It was the spring of 1975, and folded notes were being passed between classmates during high school homeroom announcing Palm Springs the destination for spring break. My brand new orange Honda Civic sped down the highway for a first-time visit to the desert oasis. I can still remember arriving at the Palm Springs Travelodge to a spectacle of shoulder to shoulder teenagers bobbing in the pool with their picture-perfect Coppertone sunburns.
That first spring break visit was an introduction to what is now been a nearly 45-year love affair with the desert. The breathtaking views of palm trees swaying in the wind, framed by the beauty of the Mt. San Jacinto mountains, is as remarkable today as it was in the ‘70s. Time has changed many things about Palm Springs since my first visit, but it has not changed its authentic self.
Sometime in the early 90’s, a slow decline in tourism (due to neglect of the downtown corridor), seemed to shift tourism elsewhere in the desert. This is when my family found neighboring Palm Desert, with its new resorts, restaurants, and shopping. Palm Springs refused to let the decline slip any further and since 2010 has invested over 400 million dollars in a revitalization of what is now referred to as, Palm Springs Downtown. Today, the area has returned to its glory as a premier tourist destination, and is the hip place to visit.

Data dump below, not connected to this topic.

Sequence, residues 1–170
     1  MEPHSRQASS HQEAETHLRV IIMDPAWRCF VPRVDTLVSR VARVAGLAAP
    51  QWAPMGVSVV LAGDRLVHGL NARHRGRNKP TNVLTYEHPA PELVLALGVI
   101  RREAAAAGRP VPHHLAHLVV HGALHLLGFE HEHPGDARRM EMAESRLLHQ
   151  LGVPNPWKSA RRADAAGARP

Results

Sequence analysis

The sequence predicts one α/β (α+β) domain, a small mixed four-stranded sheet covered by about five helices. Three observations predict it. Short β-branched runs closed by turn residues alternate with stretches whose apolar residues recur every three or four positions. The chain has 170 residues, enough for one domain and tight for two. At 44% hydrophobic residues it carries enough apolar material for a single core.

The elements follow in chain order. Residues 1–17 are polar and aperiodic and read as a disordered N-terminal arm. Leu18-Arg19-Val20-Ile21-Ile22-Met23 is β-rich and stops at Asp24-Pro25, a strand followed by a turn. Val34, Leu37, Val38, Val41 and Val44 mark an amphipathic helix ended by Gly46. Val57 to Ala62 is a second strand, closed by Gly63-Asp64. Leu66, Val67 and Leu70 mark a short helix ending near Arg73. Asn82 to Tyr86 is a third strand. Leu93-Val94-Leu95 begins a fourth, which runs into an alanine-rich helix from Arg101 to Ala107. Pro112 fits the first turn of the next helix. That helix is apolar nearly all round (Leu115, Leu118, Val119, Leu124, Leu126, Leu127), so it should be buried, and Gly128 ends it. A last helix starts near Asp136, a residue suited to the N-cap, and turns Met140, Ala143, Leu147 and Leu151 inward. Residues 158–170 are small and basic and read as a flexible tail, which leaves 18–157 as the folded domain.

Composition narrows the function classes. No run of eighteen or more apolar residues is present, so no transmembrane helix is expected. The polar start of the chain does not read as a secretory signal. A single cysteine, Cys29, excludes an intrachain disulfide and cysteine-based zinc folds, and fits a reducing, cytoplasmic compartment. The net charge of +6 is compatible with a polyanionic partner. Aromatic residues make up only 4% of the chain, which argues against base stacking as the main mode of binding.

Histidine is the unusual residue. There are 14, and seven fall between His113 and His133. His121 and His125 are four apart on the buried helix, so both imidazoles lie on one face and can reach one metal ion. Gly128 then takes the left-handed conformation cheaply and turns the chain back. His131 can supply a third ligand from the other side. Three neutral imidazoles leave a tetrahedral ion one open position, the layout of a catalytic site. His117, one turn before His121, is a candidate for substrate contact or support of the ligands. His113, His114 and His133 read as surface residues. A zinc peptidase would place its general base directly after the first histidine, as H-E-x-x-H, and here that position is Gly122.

Palm Springs offers a mix of contemporary lodging and an honest homage to mid-century modern architecture and authenticity, with its charming small boutique hotels. This lodging option provides a genuine throwback to the Hollywood glamour days when film and music elite retreated to Palm Springs to rest and relax in the privacy of the small boutique hotels.
Contemporary and mid-century modern lodging is not the only hospitality- related industry catching the attention of visitors to the valley. Independent restaurants and supper clubs like Eight4Nine and Michael Holmes’ Purple Room are drawing crowds from across the generational spectrum.
A recent visit to the exciting Eight4Nine restaurant offered a creative tasting menu and wine pairing. When I excitedly shared with my millennial daughter the culinary find, she replied, “I’ve been there, it’s the absolute best.” So much for getting ahead of her on the desert food scene.
The restaurant is part of the revitalized Uptown Design District and housed in what was a previous post office turned consignment shop. It’s a mix of eclectic décor and various room configurations. Chef Israel Jimenez creates inspiring food using local fresh ingredients, but he’ll say what makes it amazing is a combination of ingredients and pride in the preparation of his creative plates.